Editor's Note

See You Around

After writing a hundred of these editor's notes, you'd think they'd get a bit easier, so in a way, I'm sort of thankful this is my last one. By the time this issue hit stands, I'll have packed up my stuff on Mona Lisa Rd., off for new opportunities at Visit Tucson. If you're wanting to call me "smarmy" (the insult of the moment, it seems), you'll have to take it to my Twitter feed or something.

I covered my quota of maudlin sentimentality last week, especially since my four total years at the Weekly are barely a drop in the bucket of the paper's history, so I'm using this space to discuss some of the ideas I couldn't get into the paper during my time here. I'm sure you can imagine how great these would have turned out.

• A cover story on Jon Justice. The guy has an office full of Best of Tucson awards and like it or not, he has some influence in this town, even if it's a matter of debate how much. Mostly I wanted to talk about Depeche Mode, but I think it would have made for an interesting profile.

• A guide to downtown and Fourth Avenue's best and worst public (and semi-public) restrooms. Which ones are least likely to expose you to the bodily fluids of others? Which might have toilet paper on hand? News you can use.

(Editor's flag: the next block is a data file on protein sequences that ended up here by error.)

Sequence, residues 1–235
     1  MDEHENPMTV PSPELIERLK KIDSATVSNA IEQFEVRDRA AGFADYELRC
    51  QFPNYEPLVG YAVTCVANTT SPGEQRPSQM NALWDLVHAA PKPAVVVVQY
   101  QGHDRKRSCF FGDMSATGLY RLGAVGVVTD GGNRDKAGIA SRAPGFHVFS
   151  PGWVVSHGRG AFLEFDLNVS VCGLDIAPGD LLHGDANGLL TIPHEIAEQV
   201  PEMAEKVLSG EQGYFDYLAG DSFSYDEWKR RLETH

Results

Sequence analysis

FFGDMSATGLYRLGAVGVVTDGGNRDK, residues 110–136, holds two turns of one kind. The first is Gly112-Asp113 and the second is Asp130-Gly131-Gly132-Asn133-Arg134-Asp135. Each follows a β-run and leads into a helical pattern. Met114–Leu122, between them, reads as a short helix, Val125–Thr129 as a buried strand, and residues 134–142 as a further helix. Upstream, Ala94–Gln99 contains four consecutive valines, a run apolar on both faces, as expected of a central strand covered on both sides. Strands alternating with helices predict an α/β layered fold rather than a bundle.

• A comic book-style issue. The whole thing, by various local artists, from the editor's note to the music features, all illustrated. Time consuming (and kind of expensive), but I think it would have been memorable at very least.

• Spending an evening as a staff at the Tanque Verde Swap Meet. Mostly I just wanted an excuse to hang out at the swap meet on dollar beer night.

• An issue celebrating the greatest releases in Tucson music history. Chalk this one up to not having the time or staff to pull this off, but someone should take this on at some point.

• Getting to the bottom of how magnets work. Still confused on that one.

Perhaps some or all of these will get done under the new leadership, but I'm sure the Weekly still has great issues to come and I'm exceptionally glad I get to be a part of this local institution's history.